Maybe it’s a little early for me to start giving you all the 411 on staying warm, but it’s really cold in Wyoming this week, in case you hadn’t heard.
The weekend before last, Matt, our friend Phil, and I attempted to climb at the Pole Mountain area in Medicine Bow National Forest. I think we can safely say we enjoyed the time we spent there, but will not be returning any time soon. It was TOO COLD.
The main problem is that rock climbing requires the use of your bare hands, and when there’s snow and ice on the climb itself, your fingers get cold really quickly.
We got a pretty gorgeous view on the hike back down, though. Almost worth it!
Anyway, I feel I’m making this list of tips as much for my own reference as for yours. Enjoy!
Tip 1: The right fabric
- Some fabrics are warm; some are made for twirling on sandy toes just short of the incoming tide (read: linen). I jump at the chance when I see the following on a clothing label at Goodwill: wool, cashmere, or silk. Some high-quality sweaters have a blend of wool and cashmere or wool and silk to tone down the itchiness inherent in merino wool. To note, wool is one of the few fabrics that will keep you warm even when you’re wet (think rain-soaked sheep!), so if you happen to fall in a partially frozen pond or get sweaty in a wool baselayer, it will continue to insulate!
- Anything flannel-lined (these flannel-lined jeans are amazing – just ask my friend Tallie) or down-filled does the job too. Down blankets, down sweaters, down sleeping bags…
Tip 2: The right gear
- Hats: I’ve been told but have not scientifically verified that you lose most of your body’s heat through your head, which makes it imperative to cover that sucker. If I’m going to be outside for a while, I’ve found it’s important to have a long beanie that you can pull down over your ears, since my ears start to hurt in cold and windy weather. Try to find beanies that are lined with flannel, particularly around the ears; this will keep you especially warm! Note: if you try on a beanie in the store and it seems a little tight, it WILL ride up until it pops off your head, most likely in the middle of your run. Buy the right size!
- Scarves: If you lose heat via your head, then I’m sure you lose plenty through your neck as well. Knitted scarves made of wool or cashmere blends are perfect. If you’re doing something active and don’t need a long scarf tripping you up, infinity scarves, neck “gaiters” or warmers, and even balaclavas are great too. In very cold/windy conditions, you want to cover your mouth and even your nose.
- Mittens vs. gloves: I have really cold hands. Seriously, the room I’m in will be 70 degrees and the skin temperature on my hands will be ~45. (It’s a hard life.) Mittens are always warmer than gloves. You should only opt for gloves when (a) you’re not that concerned about getting cold, (b) you really need finger dexterity, or (c) you couldn’t find the mittens. I invested in a pair of waterproof mittens that has built-in glove liners, and they’re amazing. Added bonus of mittens: you feel like giving lots of thumbs-up because your normal array of hand gestures are very limited.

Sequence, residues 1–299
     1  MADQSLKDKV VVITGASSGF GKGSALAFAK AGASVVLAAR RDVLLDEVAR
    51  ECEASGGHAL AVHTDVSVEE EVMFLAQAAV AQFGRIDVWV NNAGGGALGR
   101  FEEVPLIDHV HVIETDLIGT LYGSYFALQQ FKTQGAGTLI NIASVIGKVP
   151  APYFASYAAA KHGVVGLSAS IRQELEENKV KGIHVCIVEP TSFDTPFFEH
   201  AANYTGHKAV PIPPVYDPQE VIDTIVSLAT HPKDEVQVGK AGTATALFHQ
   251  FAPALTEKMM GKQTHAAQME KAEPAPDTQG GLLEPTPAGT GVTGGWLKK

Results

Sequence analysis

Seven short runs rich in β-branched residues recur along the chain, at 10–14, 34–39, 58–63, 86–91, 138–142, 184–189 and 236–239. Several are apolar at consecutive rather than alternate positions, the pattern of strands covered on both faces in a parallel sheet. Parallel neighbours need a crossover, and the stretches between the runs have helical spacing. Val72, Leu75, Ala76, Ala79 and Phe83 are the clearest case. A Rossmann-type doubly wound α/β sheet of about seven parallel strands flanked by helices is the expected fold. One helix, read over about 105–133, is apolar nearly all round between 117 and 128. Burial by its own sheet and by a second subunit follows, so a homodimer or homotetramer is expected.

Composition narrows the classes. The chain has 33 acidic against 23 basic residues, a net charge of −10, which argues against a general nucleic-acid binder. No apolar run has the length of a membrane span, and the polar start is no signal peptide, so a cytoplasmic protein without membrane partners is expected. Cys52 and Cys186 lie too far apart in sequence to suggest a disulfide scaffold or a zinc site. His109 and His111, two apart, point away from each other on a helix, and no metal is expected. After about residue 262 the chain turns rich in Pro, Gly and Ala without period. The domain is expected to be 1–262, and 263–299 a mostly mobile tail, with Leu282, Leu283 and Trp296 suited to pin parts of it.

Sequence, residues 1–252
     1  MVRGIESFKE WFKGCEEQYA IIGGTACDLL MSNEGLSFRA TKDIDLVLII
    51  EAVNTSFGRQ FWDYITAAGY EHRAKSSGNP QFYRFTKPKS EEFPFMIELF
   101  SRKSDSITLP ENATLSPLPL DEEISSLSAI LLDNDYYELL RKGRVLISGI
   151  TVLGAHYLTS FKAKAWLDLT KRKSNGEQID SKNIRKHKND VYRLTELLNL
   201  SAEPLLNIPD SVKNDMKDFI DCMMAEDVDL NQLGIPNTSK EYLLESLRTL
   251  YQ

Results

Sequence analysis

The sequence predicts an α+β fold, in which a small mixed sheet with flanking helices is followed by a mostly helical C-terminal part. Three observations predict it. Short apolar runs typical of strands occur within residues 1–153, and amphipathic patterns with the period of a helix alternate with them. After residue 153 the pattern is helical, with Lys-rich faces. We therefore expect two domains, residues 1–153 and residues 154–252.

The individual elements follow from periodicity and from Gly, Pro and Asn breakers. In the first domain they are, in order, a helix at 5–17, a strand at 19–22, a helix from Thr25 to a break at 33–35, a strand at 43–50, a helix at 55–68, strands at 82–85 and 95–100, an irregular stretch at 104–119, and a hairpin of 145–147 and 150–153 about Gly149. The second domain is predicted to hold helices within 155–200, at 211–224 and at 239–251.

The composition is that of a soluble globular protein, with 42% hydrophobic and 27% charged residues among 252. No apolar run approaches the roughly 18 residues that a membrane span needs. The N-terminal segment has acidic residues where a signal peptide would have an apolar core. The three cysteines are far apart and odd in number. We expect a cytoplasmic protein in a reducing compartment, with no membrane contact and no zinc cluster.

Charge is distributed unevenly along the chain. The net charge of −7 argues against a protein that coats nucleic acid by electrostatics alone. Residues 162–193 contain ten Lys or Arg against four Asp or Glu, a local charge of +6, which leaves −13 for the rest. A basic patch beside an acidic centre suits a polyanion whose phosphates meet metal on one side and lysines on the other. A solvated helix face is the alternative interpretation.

- Jackets/coats/parkas: One thing I learned the hard way is to buy a down jacket WITH THE HOOD. Hoods are amazing, particularly if they’re lined with lots of fuzzy fake fur that severely limits your peripheral vision, meaning it also limits wind exposure. Your cheeks will thank you. Also, if you can, find one with the hand pockets located underneath the insulating layer, which will help to keep your mitten- or glove-less hands warm if you’re, for example, just trying to make it through the Target parking lot. Wool coats are great if you don’t mind the weight; down, on the other hand, is significantly lighter, but can’t get wet.
- Baselayers: A number of brands like Smartwool and Ibex make light, non-itchy wool shirts and long underwear designed to be worn under other layers. There are also some great poly-blends that insulate and wick moisture, like Patagonia’s capilene line, and the ubiquitous UnderArmour.
- Socks: Wool to the max! I really like Smartwool socks, and Matt prefers Darn Tough. I have never worn socks as often as I do now, in Wyoming. Thick wool socks designed for hiking or skiing are seriously essential.
Tip 3: The right sustenance
- Hot drinks: I’ve discovered the following unfortunate dilemma. I wake up and, realizing it’s a cold morning, I go by the local coffee shop to get a tea latte, only to lament the entire way to work that the hand holding this disposable cup is getting really cold doing so (yes, even colder than my hands normally are!). Most travel mugs, despite their name’s implying a safe journey, leak everywhere if you so much as turn them upside-down or let them float around in your purse. My solution is the insulated water bottle, or a thermos with a very tight lid (screw-top is better than a seal). I make tea at home, pour it into my insulated water bottle, throw it in my purse, and I’m on my way. Best of all, your drink won’t get cold during the commute! And, once you get to your destination, everyone knows how awesome you feel while holding a warm drink.
- Hot foods: Honestly, this is what I want to eat when it’s cold out – potatoes, stews, noodle or rice soups, spicy curry, and mac and cheese. Even the heartiest quinoa-kale-salmon salad won’t do when it’s single or negative digits out. Need a soup suggestion? Look no further!
Tip 4: Keep moving
- If at all possible, don’t just stand around in the cold. Walk! Shovel the driveway! Get the mail really fast! One way I’ve managed to convince myself to go for runs in the cold is to literally warm up inside. If you spend just 5-10 minutes doing dynamic stretches (lunges, squats, high-kicks, etc.) in your living room in the clothes you plan on wearing outside, your body will be warm and ready (or as ready as possible) to conquer the cold.